Financial worries and disagreements between coparents are one of the most common stressors discussed by divorcing or single parents. Marriages and divorce impacts financial investments, such that divorce can hurt them (e.g., see Christiansen et al., 2015). Further, many individuals have a lot of fears surrounding finances, so it can be the worst enemy when negotiating. Individuals may fear financial hardships, the idea of starting over again, a loss of property, or prominence in a community. This can be especially challenging if one has been financially dependent on his/her ex-partner. Even in the most amicable coparenting relationships, parents often argue about assets, child support, extracurricular activities, or other issues related to the financial aspect of divorce; a lot of this is related to fear or emotions surrounding the divorce. So, it's important to eliminate fears by planning ahead.
Unless they are wealthy, most individuals do not financially benefit from the divorce. And, there's not a one-size fits all answer to financial agreements in a divorce or separation, but there are several things you'll want to consider and or document.
1) MAKE SURE EVERYTHING IS CLEAR IN THE MARITAL SETTLEMENT AGREEMENT AND PARENTING PLAN
Make a list of all property acquired during the marriage (rental properties, houses, boats)
Retirement accounts (and pay increases or changes with retirement)
Health insurance (who will pay for insurance, co-pays, etc...)
Taxes (e.g., who will claim what child, what year, for how long)
Expenses related to extracurriculars (e.g., traveling sports, dance, music lessons)
Cost of children's school lunches or other regular school expenses (e.g., registration, books, supplies)
Care for mental health or therapy
College and other special educational expenses (e.g., private school and legal custody)
Credit cards in your name or your ex's
What both coparents have spent since separation, joint checking account balances
2) KEEP EMOTIONS OUT OF IT
In a divorce, individuals are often overwhelmed with emotions in addition to fears, including sadness or anger. It's important to avoid bringing negative patterns of a marriage into negotiating room and to really think about how you will respond to threats, a co-parent's anger, or conflict. Mediators are a great resource for divorcing parents, especially those in high conflict situations. Mediators are often significantly cheaper than attorneys, and they can help parents work through conflicts and negotiate finances before one pays an attorney three times as much.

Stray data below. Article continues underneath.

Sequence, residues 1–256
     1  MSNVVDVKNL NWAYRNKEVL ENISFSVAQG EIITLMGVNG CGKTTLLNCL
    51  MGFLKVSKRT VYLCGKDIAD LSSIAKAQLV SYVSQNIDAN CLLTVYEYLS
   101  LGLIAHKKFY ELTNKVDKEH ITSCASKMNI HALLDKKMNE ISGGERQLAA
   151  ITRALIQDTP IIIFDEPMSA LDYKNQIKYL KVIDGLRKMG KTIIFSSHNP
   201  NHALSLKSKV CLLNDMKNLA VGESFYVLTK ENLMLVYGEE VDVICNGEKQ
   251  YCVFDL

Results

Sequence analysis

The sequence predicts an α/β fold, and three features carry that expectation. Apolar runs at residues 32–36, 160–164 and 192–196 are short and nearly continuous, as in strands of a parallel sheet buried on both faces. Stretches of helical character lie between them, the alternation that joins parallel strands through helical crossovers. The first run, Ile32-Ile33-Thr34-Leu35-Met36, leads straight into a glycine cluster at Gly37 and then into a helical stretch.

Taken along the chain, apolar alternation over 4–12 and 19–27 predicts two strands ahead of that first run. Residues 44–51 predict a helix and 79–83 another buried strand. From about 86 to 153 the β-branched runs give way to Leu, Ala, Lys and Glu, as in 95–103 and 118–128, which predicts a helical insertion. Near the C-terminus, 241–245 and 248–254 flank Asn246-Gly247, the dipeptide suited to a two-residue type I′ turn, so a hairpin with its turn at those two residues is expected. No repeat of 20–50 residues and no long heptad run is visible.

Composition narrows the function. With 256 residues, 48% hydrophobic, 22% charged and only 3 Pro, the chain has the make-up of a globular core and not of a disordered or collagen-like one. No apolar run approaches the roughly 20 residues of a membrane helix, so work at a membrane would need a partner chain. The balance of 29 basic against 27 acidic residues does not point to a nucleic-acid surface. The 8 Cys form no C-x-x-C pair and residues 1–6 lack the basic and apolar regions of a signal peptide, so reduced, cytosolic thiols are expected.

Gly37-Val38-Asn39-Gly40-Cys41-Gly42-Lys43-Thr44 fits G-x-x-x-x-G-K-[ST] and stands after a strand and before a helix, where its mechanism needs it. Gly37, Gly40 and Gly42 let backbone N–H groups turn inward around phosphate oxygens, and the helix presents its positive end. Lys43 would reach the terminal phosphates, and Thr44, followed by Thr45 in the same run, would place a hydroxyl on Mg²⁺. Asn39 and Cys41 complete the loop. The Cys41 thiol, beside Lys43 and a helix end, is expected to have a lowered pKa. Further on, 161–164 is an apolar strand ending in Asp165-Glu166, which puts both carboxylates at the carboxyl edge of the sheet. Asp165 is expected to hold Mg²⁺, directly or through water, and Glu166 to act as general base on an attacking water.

3) KNOW YOUR RIGHTS
Attorneys and mediators know the laws, as well as how judges typically respond in a given county. In most counties, men and women have equal rights with respect to finances; yet, this will likely vary and depends on a variety of circumstances, including the length of marriage, issues with the law, or involvement in child welfare.
4) FIND/CHOOSE THE HOUSING OPTION THAT MAKES THE MOST FINANCIAL SENSE FOR YOU
If you or your partner owned a home together, you will likely divide the equity of the home in negotiations. Some individuals want to keep the home for emotional reasons though considering your own financial situations is important. Often, it's not just whether or not one can make the payment that should be factored into decisions, rather individuals also want to think about homeowners fees, taxes, indoor and outdoor maintenance, and other things it would take to maintain or increase the home value. If a parent does not believe he or she will stay there longer term and or they cannot afford to buy, it may be in his/her best interests to rent.
5) PLAN YOUR POST-DIVORCE BUDGET BEFORE YOU SIGN DIVORCE OR PARENTING AGREEMENTS
Planning your budget in advance of signing divorce or parenting agreement paperwork is critical. It's important to think about details and to not underestimate current or long-term expenses. Expenses often include housing, groceries, phone, electricity or gas, water, sewer, trash, cable television, maintenance/repairs, child care, tuition, pets, transportation, personal care, insurance, loans, taxes, gifts, and entertainment among a few things.
Resources for budgeting and your financial health
Financial experts with books, resources and websites:
US News - 10 Simple and Free Budgeting Tools
How to start post divorce - Dave Ramsey: